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Bolivia - NO VISA
Is my visa free luck runnig-out ? As I que on the Chilian- Bolivian border post ( I join the que on the Bolivian side- please beware when crossing this border post, it could be confusing since both the Chilian & Bolivian immigrations are in the same place next to each other, que first to exit Chile and then que to enter Bolivia or else you might have to start afresh if you mis one). As there is only one que for eveyone (locals & foreigners) I find myself behind two American backpackers and as they sortout their visa payments I approach the immigrations officer who speaks no word of English. Not only that but I bet besides American passport holders she had no idea of a South african passports and visa exemptions. According to the Bolivian embassy I do not need a visa for Bolivia.. well she looks at my passport , I see the confussion on her face.I bet I disapointed her by not being American, frankly I just might just have messed up her day. She tries to inquire about my passport apparently no one knows. She then makes a call but no one picks up, she informs me to wait while she awaits for a call back.As she stamps other people passports I am looking at the phone anticipating it to ring and it doesn't. Finally my bus driver keeps bothyering her regarding me, she then says then :' she says US$ 30.00 in Bolivian Boliviano. I am confused, I figure I can either urgue with her regarding that. Since I cann't speak Spanish nor can she speak English I figure it urguing will not help me at this point. I ask for a cambio to change my US$ into Bolivianos, I locate it and I change my money as I go back to pay. A visa sticker is atteched on my poassport and I am granted 90 days on my Tourist card ... yeeyyyy that wasn't bad. YOU DO NOT NEED A pre-arranged VISA for BOLIVIA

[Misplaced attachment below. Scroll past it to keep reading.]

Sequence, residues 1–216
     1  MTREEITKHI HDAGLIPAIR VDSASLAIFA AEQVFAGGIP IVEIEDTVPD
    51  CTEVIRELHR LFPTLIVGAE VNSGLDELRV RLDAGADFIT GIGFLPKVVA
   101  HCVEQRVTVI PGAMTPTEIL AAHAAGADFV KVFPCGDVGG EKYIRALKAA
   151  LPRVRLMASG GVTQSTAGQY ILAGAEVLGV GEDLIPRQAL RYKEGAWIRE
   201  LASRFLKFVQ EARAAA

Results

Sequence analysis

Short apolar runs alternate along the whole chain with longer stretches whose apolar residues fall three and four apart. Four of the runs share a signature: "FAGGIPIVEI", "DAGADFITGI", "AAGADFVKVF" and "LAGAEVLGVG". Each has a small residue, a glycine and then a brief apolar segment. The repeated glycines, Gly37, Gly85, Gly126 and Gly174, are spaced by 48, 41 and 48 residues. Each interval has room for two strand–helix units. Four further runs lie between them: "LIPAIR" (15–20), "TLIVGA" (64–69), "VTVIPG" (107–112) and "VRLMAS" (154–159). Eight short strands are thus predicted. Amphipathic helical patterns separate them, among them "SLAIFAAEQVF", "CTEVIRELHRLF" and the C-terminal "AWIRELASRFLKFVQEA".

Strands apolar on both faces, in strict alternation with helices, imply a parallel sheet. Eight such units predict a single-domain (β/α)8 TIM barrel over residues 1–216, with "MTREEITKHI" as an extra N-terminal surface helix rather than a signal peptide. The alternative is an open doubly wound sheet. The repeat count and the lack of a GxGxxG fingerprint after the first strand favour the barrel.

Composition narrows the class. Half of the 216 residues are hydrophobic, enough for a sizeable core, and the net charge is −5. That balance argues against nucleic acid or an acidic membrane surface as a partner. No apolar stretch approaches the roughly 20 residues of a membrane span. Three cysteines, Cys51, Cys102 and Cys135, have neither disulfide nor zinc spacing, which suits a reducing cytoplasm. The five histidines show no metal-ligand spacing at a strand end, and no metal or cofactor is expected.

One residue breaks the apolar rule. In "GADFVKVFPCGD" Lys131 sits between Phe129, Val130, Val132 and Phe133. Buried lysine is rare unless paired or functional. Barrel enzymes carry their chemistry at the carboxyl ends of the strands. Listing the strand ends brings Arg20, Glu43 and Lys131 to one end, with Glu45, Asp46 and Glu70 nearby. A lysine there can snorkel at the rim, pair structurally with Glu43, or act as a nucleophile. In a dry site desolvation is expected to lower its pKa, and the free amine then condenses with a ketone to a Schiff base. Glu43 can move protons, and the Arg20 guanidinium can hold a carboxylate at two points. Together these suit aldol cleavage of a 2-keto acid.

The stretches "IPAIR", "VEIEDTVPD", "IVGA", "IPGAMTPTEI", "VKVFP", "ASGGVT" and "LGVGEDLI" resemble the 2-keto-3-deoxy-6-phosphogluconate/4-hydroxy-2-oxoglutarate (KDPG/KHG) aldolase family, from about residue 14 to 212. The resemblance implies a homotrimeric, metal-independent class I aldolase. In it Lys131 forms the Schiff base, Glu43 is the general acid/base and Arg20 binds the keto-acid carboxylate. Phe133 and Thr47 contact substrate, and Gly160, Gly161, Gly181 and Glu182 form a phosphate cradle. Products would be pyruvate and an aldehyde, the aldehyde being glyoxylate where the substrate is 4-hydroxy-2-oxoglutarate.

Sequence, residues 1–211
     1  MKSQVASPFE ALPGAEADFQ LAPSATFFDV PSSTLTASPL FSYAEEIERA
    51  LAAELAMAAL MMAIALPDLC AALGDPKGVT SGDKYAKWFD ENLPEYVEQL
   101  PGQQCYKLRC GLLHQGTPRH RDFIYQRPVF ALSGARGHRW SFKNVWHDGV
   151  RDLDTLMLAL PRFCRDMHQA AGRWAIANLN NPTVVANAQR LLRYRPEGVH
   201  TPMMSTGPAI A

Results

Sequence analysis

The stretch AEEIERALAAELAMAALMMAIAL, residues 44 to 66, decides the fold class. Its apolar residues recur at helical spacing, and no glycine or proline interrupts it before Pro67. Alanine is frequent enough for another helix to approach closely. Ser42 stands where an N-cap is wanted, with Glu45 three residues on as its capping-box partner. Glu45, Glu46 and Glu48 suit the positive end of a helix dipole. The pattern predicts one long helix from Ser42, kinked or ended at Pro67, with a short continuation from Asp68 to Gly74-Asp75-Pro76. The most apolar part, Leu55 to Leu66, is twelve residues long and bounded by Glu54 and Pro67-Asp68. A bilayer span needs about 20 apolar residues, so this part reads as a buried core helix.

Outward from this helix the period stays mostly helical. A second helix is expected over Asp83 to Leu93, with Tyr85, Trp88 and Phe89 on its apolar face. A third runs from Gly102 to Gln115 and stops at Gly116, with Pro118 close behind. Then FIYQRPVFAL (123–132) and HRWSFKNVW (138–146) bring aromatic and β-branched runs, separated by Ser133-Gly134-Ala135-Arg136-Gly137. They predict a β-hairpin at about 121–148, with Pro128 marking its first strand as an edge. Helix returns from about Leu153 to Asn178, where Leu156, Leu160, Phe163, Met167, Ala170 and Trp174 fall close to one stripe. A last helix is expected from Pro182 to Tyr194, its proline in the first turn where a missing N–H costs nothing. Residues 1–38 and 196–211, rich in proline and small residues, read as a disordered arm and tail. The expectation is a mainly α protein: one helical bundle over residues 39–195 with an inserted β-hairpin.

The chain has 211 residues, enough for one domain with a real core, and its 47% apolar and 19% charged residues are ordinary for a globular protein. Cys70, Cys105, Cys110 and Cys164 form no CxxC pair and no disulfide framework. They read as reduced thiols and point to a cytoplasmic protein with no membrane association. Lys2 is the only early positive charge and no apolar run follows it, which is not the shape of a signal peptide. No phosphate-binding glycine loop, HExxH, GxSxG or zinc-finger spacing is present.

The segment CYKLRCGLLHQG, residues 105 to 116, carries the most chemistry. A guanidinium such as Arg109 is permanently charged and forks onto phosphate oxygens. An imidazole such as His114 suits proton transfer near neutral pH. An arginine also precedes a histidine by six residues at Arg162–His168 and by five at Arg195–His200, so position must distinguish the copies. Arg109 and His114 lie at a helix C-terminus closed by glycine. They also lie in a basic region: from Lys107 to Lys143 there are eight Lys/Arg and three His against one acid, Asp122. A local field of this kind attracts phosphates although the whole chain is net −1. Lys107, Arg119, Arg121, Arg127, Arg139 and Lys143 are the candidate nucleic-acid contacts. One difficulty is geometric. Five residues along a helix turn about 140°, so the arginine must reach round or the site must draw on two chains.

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Peru - NO VISA
As I cross the Bolivian- Peru border post at Lake Titicaca ( Copacabana) I approach the immigrations officer ,the officer looks at my passport. By now I have realised that most immigrations officers in South America are not familar with my South African passport. As always the immigrations officer inquires from a collegue regarding my passport and the next thing, my passport is stamped and I am granted 90days on my tourist card : NO VISA required
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I soon realise how huge South America is and since I spent a few extra days in Peru due to a 4 days long weekend holiday I realise that I cannot make it all the way to Venezuela. This implies that I cann't make my way to Equidor- Colombia - Venezuela but for those countries: SOUTH AFRICANS DO NOT NEED A VISA .. From Lima (Peru) I fly back to Rio ( Brazil) ....

So while your travel budies are applying for visas ... do not fret my South African peeps YOU DO NOT NEED A VISA for :

Brazil - Paraguay -Argentina - Uruguay- Chile- Bolivia- Peru- Equodor-Colombia- Venezuela